Breathing Earth

In an earlier musing, I wondered whether counting carbon was actually a good idea? It’s not that counting it might be bad, it’s the potential myopia if we focus on it too much.

To be clear, carbon is actually a good thing to count as part of a bigger picture. Today, I want to help you see that bigger picture, and share with you one cool technology we’re experimenting with that might help us better count it.

For all practical purposes, the only real input to planet Earth is energy from the sun. All of the matter on Earth just stays here, moves around, and changes form. A key process connecting the sun’s energy with matter is photosynthesis – where the sun’s energy is captured by plants and stored as organic chemical compounds that the rest of life knows as food. 

The matter in that food is all made up of carbon dioxide from the air, water from the ground, and smaller amounts of other elements from air and soil. What was once mostly just air and water first becomes a plant, and then becomes more of you or me as we extract its stored energy. In doing so, we turn the food back into carbon dioxide and water that goes back into the environment. Scientifically speaking, this is the cycle of life.  

Carbon in living ecosystems is like oxygen in our blood – a fundamental component of a breathing Earth. It’s only different from our own breathing in that carbon dioxide goes in and oxygen comes out instead of the other way around. Whenever you see a green plant, whether on a satellite image or in your yard, you know that nature is at work inhaling carbon from the air.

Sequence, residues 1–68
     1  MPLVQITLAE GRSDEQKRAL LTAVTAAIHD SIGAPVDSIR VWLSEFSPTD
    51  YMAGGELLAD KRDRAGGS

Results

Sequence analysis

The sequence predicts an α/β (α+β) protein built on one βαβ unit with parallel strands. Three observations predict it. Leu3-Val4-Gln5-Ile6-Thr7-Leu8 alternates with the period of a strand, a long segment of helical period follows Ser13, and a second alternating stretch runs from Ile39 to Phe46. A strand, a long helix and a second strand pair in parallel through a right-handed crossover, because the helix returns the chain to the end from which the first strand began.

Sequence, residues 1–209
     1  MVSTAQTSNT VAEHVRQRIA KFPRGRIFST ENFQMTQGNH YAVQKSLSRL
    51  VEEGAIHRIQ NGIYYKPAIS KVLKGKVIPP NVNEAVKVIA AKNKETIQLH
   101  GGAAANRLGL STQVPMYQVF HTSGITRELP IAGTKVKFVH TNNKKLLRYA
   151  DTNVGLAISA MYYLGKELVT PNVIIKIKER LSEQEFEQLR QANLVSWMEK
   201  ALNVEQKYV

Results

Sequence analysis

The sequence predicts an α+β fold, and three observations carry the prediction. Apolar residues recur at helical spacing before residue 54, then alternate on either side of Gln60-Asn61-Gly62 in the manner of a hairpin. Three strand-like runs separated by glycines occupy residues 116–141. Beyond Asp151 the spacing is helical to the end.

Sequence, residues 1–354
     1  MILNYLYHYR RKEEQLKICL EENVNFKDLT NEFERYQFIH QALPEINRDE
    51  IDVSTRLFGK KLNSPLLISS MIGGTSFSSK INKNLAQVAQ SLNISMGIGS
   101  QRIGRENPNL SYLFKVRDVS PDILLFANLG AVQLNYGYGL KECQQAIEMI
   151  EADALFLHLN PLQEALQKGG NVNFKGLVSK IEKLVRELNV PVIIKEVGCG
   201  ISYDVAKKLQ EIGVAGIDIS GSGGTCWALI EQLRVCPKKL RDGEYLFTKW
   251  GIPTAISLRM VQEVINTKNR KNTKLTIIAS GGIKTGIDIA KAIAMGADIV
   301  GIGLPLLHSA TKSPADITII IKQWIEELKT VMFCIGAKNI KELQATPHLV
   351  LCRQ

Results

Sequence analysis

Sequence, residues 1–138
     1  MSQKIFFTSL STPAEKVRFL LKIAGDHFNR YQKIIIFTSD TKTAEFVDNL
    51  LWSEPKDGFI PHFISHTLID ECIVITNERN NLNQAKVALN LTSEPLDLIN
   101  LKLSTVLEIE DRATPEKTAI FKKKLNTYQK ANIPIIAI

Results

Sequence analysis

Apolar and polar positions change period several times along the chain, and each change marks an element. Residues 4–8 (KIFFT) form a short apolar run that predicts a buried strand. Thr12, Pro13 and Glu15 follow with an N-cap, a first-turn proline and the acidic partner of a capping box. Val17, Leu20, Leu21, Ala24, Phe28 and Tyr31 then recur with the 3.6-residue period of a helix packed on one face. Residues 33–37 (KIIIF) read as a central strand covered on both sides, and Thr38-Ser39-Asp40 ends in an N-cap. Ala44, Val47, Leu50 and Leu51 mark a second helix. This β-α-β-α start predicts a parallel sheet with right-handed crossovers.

When we count the stock of carbon in a tree, a blade of grass, or in soil, we know that carbon has been removed from the air. It’s not that we’ve locked the carbon away, but we’ve changed the balance between air and earth. This then is a primary way by which life cools the planet.

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However, it’s harder to count up that carbon than you might think. Theoretically, we could take the tree, grass, or soil, remove every atom that wasn’t carbon and put it on a scale. But, of course, that would destroy the very thing we are trying to value. 

Therefore, what we actually do is estimate properties like the size and density of things that we can see above ground, and take small samples of things from below ground then directly measure them. But the flip side of soil’s capacity to hold a lot of carbon, is that a large amount of carbon only makes a small difference in soil carbon concentration. We therefore end up having to wait for long time periods of time between soil stock measurements to get confidently detectable differences – usually five or more years.

But there is another way that can be MUCH more accurate and timely.